Saturday, June 28, 2008

Wakamatsu-no-Mukashi Matcha from Ippodo

Class: Green
Origin: Japan (prefecture unknown)
Year: 2008 (?)
Vendor: Ippodo (Product page)
Price: $14.14 / 1500 yen (20g can)

Matcha Packaging
Gotta love the Japanese.

I recently ordered some Wakamatsu-no-Mukashi matcha to accompany my new chawan. I know they say not to judge a book by it's cover, but seriously, take a look at how fantastically this can is packaged! I am very pleased with Ippodo's style; the two other items I purchased in this order, a matcha furui (sifter) and a chasen (whisk), were also elegantly wrapped.

Matcha Sifting
Sifting matcha.

Ugh, sifting is a pain. I'm not entirely sure it matters, either, but what the hell. Also, I've heard from certain people (Brandon, for one) that infuser baskets work better than the special sifters. Thanks for the late advice, Brandon! ;)

Matcha froth
Mmmmmm! Nice, frothy usucha.

This is a really nice matcha. It has an almost gummy mouth-feel; this is a really meaty (uh, not flavor-wise, don't worry) tea. It has a muted sweetness, in contrast with O-Cha's Kiri-no-Mori, and has a little kick of astringency. There isn't much to taste, really, but there is a lot to feel; between the mouth-feel and the buzz afterward (hmm, I wonder if this would fall under the qi umbrella?), drinking this tea is a somatic experience.

Chasen comparison
On the left, a new 100-tine chasen from Ippodo. On the right, my worn ~70 tine chasen from O-Cha.

Here you can see what violent whisking does to a chasen. It took me a long time to learn not to scrape it so hard against the bottom of the chawan! It's hard to see in the photo, but there are several broken tines.

Palm frond
A palm frond. Fairly self-explanatory.

9 comments:

Brandon said...

I can agree with most of what you said while adding little of value -- the whisk is fantastic, the sifter is a real bust. I especially dislike the "persuader" tool that is included. I prefer to use the backside of the bamboo scoop because you can squish down on the clumps from the top -- all the wooden thing really does is push the clumps around in the ring and it all gets compounded along the edge.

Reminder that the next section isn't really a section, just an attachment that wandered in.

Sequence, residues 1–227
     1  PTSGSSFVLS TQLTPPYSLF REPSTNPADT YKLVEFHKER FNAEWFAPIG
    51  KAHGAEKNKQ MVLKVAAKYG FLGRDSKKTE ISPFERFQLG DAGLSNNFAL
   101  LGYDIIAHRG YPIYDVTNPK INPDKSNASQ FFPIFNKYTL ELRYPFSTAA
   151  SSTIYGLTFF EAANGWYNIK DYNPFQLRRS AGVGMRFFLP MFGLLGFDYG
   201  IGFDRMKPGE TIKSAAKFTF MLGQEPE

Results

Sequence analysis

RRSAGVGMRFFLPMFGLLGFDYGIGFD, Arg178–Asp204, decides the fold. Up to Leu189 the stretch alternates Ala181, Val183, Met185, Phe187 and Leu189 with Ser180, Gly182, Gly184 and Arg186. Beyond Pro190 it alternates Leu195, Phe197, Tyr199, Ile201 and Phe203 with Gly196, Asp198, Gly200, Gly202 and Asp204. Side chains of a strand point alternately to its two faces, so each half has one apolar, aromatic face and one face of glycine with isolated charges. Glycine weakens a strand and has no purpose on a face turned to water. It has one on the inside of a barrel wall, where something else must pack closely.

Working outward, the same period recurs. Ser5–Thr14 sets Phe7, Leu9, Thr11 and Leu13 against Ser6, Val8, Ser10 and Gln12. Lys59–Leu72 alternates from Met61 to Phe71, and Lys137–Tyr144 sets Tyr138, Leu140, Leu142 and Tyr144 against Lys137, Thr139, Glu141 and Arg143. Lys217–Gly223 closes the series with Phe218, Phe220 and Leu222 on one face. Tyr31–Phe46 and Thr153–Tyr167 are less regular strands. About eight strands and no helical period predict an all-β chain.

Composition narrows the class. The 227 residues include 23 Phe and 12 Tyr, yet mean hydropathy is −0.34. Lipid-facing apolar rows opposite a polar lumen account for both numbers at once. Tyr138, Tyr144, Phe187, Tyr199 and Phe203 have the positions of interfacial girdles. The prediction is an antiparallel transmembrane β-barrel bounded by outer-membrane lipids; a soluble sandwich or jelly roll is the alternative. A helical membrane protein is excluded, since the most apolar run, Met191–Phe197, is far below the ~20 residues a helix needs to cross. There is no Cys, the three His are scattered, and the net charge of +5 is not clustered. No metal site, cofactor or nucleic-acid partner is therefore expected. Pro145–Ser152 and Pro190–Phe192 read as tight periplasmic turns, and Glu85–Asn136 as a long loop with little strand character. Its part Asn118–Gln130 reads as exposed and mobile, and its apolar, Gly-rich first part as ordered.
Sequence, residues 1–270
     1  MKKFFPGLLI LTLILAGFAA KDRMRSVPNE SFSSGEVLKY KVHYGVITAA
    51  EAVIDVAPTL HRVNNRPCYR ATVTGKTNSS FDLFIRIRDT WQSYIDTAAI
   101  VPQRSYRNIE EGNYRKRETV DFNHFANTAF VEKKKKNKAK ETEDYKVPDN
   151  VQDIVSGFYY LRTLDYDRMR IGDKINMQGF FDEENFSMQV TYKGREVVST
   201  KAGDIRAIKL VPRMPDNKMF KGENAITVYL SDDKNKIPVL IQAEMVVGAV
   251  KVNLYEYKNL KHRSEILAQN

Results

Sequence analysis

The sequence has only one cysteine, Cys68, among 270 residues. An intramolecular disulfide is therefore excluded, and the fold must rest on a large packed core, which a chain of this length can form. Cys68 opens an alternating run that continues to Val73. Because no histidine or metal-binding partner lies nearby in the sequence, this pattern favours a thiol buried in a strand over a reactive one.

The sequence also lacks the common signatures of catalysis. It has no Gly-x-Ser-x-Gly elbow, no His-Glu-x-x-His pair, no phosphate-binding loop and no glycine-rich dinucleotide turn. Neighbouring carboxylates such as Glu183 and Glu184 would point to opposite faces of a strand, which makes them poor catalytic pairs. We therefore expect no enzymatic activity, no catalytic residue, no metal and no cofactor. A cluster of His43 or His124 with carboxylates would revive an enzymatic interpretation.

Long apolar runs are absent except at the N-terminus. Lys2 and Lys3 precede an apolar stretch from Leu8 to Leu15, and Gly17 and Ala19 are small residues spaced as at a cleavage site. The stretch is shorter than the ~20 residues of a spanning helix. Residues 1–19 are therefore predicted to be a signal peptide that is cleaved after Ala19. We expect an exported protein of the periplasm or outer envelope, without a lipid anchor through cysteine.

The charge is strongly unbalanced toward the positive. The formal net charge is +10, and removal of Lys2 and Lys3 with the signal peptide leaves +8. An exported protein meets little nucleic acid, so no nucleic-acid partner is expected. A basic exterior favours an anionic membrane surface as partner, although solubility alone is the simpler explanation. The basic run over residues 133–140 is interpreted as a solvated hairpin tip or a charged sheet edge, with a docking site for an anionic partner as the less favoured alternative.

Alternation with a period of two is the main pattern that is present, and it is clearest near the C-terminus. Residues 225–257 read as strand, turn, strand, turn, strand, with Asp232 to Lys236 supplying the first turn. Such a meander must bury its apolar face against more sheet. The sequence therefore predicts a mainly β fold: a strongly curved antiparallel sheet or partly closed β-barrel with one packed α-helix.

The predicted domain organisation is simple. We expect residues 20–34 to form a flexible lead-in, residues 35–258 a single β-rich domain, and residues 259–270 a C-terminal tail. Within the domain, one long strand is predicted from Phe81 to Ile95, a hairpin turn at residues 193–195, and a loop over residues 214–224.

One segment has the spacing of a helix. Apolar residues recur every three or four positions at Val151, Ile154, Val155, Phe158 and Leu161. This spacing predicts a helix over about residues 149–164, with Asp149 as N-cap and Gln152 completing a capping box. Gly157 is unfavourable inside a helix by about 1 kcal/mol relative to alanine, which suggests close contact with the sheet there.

That said, I really enjoy the taste and apparent quality of this matcha, but, I am having reservations as I have been having frequent headaches (more likely from intense allergies, but I am taking a few days off).

Brent said...

Brandon, I also got quite a strong feeling from this tea, similar to how dehydration feels (though not quite as unpleasant), so it may not just be your allergies. I'll try it again when I know I have plenty of water in my system.

Salsero said...

I used that cute sifter and wooden device once and decided there had to be a better way.

Though I don't have matcha more than two or three times a month, I keep it simple. I use a 55mm Metal Tea Strainer with Handle that I got from TeaGschwendner, though any fairly large size would do as well. I put the strainer in the chawan, put the tea in the strainer, and press it through with the back of the chashaku. The tea is sifted directly into the warmed and dried chawan, and I can rinse the strainer in water and not worry about rust -- Ippodo warns not to put their sifter in water.

TeaGschwendner filters and strainers: http://tinyurl.com/47tmeg


I use a little larger of those strainers to strain my shu directly into my shu cup which is too wide to accomodate the YSLLC metal filters I use for sheng in a smaller cup.

Salsero said...

Oh, BTW, it goes without saying that I enjoyed this lovely post and the ravishing photos!

Brent said...

Salsero,

Thanks for the tip! (And the comments, of course.)

I wonder, has anyone tried shaking the sifter canister? Maybe I'll try that next time, hopefully it doesn't make too much of a mess.

Brent

Lewis said...

That matcha looks VERY green against the blue chawan.

georgia said...

Please explain the difference between a 100- and 7-tine whisk, thank you.

Brent said...

Lewis,

I must admit I upped the color saturation just a teense for color correction purposes. :D Still, it was very green, just as it is shown here.

Georgia,

The number of tines is mostly a matter of school or personal preference, I think. I also seem to remember that chasen with fewer tines are used for thick tea, but I do not know if this is a rule, per se.

Thanks for the comments,
Brent

Thibault said...

I use a tea sifter similar to what's here. Without paying close attention, it does seem as if the matcha only gets pushed a round the top of the sieve and never goes through. But that's not true. It does. Just exercise patience.

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